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Role Playing (Games)

Student Makes a Million Online, Gets Deported 309

Via Kotaku, a story at the Mainichi daily news about an enterprising exchange student that got himself deported. Wang Yue Si, a Chinese student who went to Japan on a student visa, found himself in need of some spending money. Since he was a gamer, he decided to make some cash by selling virtual items online. He was so successful, the cops noticed. From the article: "He started selling items such as weapons and currency for online games through an Internet auction site in April this year, without obtaining the appropriate residency status. Wang, living in Kumamoto, has admitted that he sold the virtual goods for about 6 million yen ($US 1.3 Million), in violation of the Immigration Control and Refugee Recognition Law. A bank worker became suspicious when Wang regularly sent money back home to China and alerted police in August, prompting Kumamoto police officers to investigate the student."
Encryption

British "Secure" Passports Cracked 305

hard-to-get-a-nickna writes "The Guardian has cracked the so-trumpeted secure British passports after 48 hours of work: 'Three million Britons have been issued with the new hi-tech passport, designed to frustrate terrorists and fraudsters. So why did Steve Boggan and a friendly computer expert find it so easy to break the security codes?'"

Corporate Propaganda Still On the News 275

mofomojo writes, "Democracy Now! reports that a new study by the Center for Media and Democracy says Americans are still being shown corporate public relations videos disguised as news reports on newscasts across the country. In April, the Center identified 77 stations using Video News Releases in their newscasts; the findings led to an investigation by the Federal Communications Commission. A followup study has found that 10 of those stations are still airing VNRs today, for a new total of 46 stations in 22 states." From the article: "Most of the VNRs have aired on stations owned by large media conglomerates such as News Corp., Tribune, and Disney. They've also been sponsored by some of the country's biggest corporations including General Motors, GlaxoSmithKline, and Allstate Insurance."

Login Code of Conduct Found Not Binding 276

SurturZ writes "The Industrial Relations Commission of New South Wales, Australia, has ordered a company to reinstate an employee who downloaded porn onto a work laptop, even though it was in contravention of his workplace's code of conduct. From the article: the IRC said there was an 'air of automatically' about the annual signing off of employees on NCR's code of conduct, 'a degree of mechanical, unthinking routine in employees making a commitment to abide by the code.'" So, I think most of us can agree, porn at work == bad, but recognition that Click EULAs/other agreements are not binding is probably good. The question is — what replaces them?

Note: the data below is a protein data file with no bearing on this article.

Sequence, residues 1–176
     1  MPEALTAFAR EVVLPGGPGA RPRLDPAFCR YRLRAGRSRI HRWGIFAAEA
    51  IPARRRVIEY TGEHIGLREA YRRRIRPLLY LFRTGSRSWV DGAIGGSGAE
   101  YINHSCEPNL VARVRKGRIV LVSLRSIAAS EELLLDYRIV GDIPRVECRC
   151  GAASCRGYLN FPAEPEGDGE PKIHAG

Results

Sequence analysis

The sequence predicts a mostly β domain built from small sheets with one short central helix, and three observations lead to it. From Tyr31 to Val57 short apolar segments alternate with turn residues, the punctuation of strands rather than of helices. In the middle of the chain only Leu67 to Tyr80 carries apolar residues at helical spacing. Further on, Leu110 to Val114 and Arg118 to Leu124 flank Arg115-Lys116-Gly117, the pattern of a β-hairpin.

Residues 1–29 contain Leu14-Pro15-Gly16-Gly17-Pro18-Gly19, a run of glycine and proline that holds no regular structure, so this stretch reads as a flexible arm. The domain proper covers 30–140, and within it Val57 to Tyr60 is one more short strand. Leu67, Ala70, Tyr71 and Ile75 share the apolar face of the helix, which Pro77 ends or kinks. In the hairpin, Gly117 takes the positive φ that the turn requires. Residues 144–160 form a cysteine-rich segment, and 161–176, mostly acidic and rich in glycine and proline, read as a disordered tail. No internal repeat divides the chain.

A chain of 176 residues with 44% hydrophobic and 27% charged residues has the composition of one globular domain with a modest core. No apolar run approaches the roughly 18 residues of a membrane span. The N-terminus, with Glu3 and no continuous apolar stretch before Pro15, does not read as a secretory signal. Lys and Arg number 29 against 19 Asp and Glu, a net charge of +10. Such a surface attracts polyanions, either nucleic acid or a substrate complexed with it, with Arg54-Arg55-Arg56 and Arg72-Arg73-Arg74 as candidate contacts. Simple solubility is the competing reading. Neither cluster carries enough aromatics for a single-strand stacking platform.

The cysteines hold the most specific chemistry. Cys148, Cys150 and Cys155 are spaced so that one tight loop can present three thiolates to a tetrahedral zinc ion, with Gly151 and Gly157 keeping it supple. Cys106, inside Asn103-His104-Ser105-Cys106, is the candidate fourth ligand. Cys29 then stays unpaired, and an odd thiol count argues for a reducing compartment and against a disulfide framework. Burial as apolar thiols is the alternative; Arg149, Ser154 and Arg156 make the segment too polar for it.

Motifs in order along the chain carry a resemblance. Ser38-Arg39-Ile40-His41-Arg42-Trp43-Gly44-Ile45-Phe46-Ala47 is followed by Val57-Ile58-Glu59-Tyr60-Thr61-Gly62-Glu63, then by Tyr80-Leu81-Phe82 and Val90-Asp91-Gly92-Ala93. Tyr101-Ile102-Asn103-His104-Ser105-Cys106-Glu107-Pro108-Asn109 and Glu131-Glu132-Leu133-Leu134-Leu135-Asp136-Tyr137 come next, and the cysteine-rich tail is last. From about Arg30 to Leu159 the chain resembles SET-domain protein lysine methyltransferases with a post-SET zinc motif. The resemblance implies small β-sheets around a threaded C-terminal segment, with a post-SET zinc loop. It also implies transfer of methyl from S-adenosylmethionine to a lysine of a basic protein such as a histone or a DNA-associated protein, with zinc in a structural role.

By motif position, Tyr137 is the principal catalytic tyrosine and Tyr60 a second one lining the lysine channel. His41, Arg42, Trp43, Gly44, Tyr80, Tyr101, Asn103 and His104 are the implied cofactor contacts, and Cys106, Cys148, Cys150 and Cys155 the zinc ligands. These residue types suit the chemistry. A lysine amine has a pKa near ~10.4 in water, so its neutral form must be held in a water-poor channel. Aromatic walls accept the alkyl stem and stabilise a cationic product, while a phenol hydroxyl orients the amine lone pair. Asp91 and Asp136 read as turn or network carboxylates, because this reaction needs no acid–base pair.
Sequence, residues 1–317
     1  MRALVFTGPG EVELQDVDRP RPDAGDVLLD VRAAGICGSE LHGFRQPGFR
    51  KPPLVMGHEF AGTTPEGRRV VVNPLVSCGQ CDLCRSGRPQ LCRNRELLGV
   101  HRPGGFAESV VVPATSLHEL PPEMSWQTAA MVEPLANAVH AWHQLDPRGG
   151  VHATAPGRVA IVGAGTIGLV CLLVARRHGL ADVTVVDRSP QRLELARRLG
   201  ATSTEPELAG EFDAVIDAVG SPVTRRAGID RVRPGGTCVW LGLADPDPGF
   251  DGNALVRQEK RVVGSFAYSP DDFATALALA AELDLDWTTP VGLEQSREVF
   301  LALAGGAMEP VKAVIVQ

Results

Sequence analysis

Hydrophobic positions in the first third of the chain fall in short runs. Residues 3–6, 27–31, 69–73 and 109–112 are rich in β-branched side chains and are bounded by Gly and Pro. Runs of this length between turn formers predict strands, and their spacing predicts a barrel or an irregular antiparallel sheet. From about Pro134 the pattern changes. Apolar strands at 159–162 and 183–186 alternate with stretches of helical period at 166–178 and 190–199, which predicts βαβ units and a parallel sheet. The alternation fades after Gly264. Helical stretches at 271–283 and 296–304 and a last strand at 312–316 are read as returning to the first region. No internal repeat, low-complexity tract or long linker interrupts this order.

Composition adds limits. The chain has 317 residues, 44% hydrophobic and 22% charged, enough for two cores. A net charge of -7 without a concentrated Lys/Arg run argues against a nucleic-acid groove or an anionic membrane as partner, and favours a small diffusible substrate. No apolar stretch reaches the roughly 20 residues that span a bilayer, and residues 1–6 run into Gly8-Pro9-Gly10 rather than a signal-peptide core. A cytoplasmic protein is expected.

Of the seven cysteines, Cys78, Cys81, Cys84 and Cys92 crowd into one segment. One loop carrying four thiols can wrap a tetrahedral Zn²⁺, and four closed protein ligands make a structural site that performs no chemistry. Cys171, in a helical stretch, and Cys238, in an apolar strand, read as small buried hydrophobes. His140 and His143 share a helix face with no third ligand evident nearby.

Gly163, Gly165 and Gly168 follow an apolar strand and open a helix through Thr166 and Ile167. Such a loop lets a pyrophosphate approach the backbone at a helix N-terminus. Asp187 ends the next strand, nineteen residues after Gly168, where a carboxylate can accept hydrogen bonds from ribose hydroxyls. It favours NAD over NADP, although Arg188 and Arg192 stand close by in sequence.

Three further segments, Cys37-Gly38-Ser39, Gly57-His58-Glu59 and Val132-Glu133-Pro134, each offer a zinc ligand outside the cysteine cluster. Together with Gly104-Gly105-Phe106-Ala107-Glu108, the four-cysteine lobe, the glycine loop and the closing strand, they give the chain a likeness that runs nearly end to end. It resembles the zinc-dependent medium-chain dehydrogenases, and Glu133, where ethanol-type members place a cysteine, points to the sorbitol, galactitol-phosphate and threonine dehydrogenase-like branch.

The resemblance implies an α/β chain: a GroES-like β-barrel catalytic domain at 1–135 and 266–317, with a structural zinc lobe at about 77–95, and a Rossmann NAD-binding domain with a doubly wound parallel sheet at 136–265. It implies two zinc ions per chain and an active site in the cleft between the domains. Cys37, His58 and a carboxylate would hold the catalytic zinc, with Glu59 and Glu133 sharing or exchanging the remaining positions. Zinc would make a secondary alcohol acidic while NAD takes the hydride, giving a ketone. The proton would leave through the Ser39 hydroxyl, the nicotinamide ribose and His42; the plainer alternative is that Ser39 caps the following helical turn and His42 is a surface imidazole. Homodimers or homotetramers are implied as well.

Google Winning By Losing? 226

eldavojohn writes "The CEO of a small search company wrote an interesting piece for Search Insider about Google's unique strategy. It notes that Google has yet to become a leader in any technology other than search — but that its mostly unsuccessful attempts to branch out all end up bolstering its brand, and thus its search ad revenue. Is the new recipe for success to do one thing unbelievably well and several other things indifferently? Does this remind you of strategies from any other companies?" From the article, "Some of Google's non-search projects are really extensions of its search monetization, and are likely to succeed. But others projects mean entering areas where Google doesn't have much experience, and is taking a risk. With regard to those riskier areas, the key question for Google's future is whether it can realize that losing is really one of the best assets the company has."

GPS Phone Tells Others Where You Are 161

An anonymous reader writes, "According to CNet, a company called Benefon has launched a cell phone with a built in GPS receiver — nothing new there. However, this particular GPS cell phone, called the Twig, does something extra. It can send your GPS coordinates to another Twig owner and then that person can navigate directly to you using the preloaded navigation software. Sounds like this could save a lot of time and effort when trying to explain to the in-laws where your new apartment is." The article says that the phone will cost £330 in the UK, or about $625.

New Mac-o-Lantern 76

An anonymous reader writes to tell us that it is that time of year again, time for a new pumpkin computer. This time it can see via webcam eyes (thanks logitech), breathe through its nose using a case fan, and talk out its mouth with a speaker system. The insides are made of a custom power supply and mac-mini Core Duo system. The lighting is made of neon wiring thanks to Startech.com mutant mods. Check out the last page with a video of the pumpkin in action."

Make Linux "Gorgeous," Says Ubuntu Leader 688

OSS_ilation writes "They say beauty is only skin deep, but when it comes to Linux and the free software movement, people like Mark Shuttleworth think looks have an important part to play. On his blog and an article on SearchOpenSource.com, Shuttleworth and a slew of open source end users say that the look and feel of open source is also a matter of wider acceptance among enterprise players who are used to Windows, yet crave Mac OS X and the functionality of Linux. 'If we want the world to embrace free software, we have to make it beautiful,' Shuttleworth said. "We have to make it gorgeous. We have to make it easy on the eye. We have to make it take your friend's breath away.' With the early success of Novell SUSE Linux Enterprise Desktop 10, Shuttleworth and company may be onto something."

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